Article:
sequentially carrying out the steps of multiplying and rounding with further lifting matrices in an order which is inversed with respect to an order when generating the integer values so as to obtain an inversely processed vector which includes an integer time-discrete audio sample value from a quarter of the window and an integer time-discrete audio sample value from another quarter of the window.
18. Method in accordance with
converting the audio integer spectral values by an integer DCT inverse to the integer DCT into a time representation so as to obtain the rotated vector.
19. Method in accordance with
20. Method in accordance with
21. Method in accordance with
22. The method in accordance with
23. Apparatus for processing time-discrete audio sample values representing an audio signal so as to obtain integer values, comprising:
a windower for windowing the time-discrete audio sample values with a window (w) having a length corresponding to two 2N time-discrete sample values so as to provide windowed time-discrete audio sample values for a conversion of the time-discrete audio sample values in a spectral representation by means of a transform which may generate N output values from N input values, with the means for windowing comprising:
a selector for selecting a time-discrete audio sample value from a quarter of the window and a time-discrete audio sample value from another quarter of the window so as to obtain a vector of time- discrete audio sample values;
a processor for applying a square rotation matrix to the vector, the dimension of which coincides with the dimension of the vector, with the rotation matrix being adjusted to be represented by a plurality of lifting matrices, with one lifting matrix only comprising one element which depends on the window and is unequal to 1 or 0, the processor for applying comprising:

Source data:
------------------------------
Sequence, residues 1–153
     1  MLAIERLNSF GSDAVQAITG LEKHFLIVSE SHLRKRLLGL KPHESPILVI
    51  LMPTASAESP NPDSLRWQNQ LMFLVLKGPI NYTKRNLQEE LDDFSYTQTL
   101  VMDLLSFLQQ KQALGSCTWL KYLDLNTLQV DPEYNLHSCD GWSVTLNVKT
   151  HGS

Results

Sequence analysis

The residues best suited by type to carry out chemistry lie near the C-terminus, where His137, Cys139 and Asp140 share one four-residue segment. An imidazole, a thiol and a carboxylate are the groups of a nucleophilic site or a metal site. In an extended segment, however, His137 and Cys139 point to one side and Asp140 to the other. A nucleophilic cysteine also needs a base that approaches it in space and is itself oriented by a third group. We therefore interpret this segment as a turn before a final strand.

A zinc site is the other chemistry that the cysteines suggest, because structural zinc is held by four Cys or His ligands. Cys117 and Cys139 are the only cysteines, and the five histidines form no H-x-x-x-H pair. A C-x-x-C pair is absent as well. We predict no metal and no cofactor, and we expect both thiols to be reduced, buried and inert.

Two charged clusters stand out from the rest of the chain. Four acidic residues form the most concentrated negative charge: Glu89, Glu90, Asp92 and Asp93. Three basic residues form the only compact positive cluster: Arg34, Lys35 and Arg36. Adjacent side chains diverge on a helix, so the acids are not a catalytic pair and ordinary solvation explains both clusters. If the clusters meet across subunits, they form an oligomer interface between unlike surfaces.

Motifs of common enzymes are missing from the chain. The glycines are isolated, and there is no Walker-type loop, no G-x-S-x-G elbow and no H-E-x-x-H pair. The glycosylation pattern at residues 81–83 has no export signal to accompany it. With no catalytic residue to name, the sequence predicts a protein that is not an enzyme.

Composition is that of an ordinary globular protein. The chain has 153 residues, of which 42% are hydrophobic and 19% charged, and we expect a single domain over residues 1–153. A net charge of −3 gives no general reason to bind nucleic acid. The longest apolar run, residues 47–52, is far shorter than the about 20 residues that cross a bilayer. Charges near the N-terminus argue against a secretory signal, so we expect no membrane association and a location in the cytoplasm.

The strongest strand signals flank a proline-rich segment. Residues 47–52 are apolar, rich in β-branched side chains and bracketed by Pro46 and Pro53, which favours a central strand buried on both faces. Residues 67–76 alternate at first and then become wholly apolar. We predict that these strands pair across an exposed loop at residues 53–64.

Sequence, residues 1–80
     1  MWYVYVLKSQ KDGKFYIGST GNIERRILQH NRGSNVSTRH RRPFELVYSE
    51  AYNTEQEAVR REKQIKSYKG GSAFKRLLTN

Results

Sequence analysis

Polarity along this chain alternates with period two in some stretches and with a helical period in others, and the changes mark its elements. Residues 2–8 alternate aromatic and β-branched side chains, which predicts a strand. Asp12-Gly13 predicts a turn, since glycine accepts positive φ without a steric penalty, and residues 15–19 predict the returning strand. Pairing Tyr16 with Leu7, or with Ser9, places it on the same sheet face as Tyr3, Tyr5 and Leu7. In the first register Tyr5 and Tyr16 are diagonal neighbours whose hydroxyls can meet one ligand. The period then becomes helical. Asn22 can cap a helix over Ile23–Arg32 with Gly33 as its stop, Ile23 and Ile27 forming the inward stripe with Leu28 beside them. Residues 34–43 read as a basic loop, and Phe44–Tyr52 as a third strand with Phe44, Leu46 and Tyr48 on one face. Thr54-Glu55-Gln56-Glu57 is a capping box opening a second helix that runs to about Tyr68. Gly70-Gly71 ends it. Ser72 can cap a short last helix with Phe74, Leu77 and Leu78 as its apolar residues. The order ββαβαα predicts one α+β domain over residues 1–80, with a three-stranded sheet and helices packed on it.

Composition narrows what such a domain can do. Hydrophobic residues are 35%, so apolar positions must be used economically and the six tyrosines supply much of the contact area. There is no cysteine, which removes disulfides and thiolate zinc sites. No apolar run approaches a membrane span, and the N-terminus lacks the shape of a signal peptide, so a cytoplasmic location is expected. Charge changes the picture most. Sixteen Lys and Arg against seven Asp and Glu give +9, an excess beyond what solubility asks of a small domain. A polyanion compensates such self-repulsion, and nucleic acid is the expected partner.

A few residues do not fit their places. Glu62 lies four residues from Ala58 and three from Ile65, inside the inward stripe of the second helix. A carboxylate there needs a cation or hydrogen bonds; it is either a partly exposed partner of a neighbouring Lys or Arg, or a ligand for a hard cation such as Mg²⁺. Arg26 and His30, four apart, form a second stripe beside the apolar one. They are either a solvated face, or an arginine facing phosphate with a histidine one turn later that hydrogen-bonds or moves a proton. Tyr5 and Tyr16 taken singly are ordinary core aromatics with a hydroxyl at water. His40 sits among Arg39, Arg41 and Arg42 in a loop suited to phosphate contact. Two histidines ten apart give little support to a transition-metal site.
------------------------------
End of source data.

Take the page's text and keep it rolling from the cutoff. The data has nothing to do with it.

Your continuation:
a multiplier for multiplying the vector by a lifting matrix so as to obtain a first result vector;
a rounder for rounding a component of the first result vector with a rounding function mapping a real number to an integer number so as to obtain a rounded first result vector; and
a controller for sequentially carrying out the steps of multiplying and rounding with another lifting matrix until all lifting matrices have been processed so as to obtain a rotated vector comprising an integer windowed audio sample value from the quarter of the window and an integer windowed audio sample value from another quarter of the window.
24. Apparatus for inverse processing of audio integer values, comprising:
a processor for applying a rotated vector with a rotation matrix inverse to a rotation matrix used when generating the audio integer values, with the inverse rotation matrix being adjusted to be represented by a plurality of inverse lifting matrices, with one inverse lifting matrix only comprising one element depending on the window and being unequal to 1 or 0, the processor for applying comprising:
a multiplier for multiplying the rotated vector by an inverse lifting matrix being inverse to a lifting matrix which has been used when generating the integer values so as to obtain a first inverse result vector
a rounder for rounding a component of the first inverse result vector with a rounding function so as to obtain a rounded first inverse result vector; and
a controller for sequentially carrying out the multiplying and rounding with further lifting matrices in an order which is inverse with respect to an order when generating the integer values so as to obtain an inversely processed vector which includes an integer time-discrete audio sample value from a quarter of the window and an integer time-discrete audio sample value from another quarter of the window.
25. The apparatus in accordance with